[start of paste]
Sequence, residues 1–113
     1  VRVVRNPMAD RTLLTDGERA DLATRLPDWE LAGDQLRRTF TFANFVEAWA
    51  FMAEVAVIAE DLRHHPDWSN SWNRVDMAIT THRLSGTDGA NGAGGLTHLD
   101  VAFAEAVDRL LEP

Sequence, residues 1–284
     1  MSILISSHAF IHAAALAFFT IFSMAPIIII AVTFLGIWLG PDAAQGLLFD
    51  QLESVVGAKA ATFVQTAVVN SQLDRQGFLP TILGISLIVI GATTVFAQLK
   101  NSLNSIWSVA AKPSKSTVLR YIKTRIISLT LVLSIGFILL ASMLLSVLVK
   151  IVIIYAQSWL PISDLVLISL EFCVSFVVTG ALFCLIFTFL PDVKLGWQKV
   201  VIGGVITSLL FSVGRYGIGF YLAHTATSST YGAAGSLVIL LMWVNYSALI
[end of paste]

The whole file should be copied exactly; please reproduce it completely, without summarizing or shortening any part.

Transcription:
Sequence, residues 1–113
     1  VRVVRNPMAD RTLLTDGERA DLATRLPDWE LAGDQLRRTF TFANFVEAWA
    51  FMAEVAVIAE DLRHHPDWSN SWNRVDMAIT THRLSGTDGA NGAGGLTHLD
   101  VAFAEAVDRL LEP

Sequence, residues 1–284
     1  MSILISSHAF IHAAALAFFT IFSMAPIIII AVTFLGIWLG PDAAQGLLFD
    51  QLESVVGAKA ATFVQTAVVN SQLDRQGFLP TILGISLIVI GATTVFAQLK
   101  NSLNSIWSVA AKPSKSTVLR YIKTRIISLT LVLSIGFILL ASMLLSVLVK
   151  IVIIYAQSWL PISDLVLISL EFCVSFVVTG ALFCLIFTFL PDVKLGWQKV
   201  VIGGVITSLL FSVGRYGIGF YLAHTATSST YGAAGSLVIL LMWVNYSALI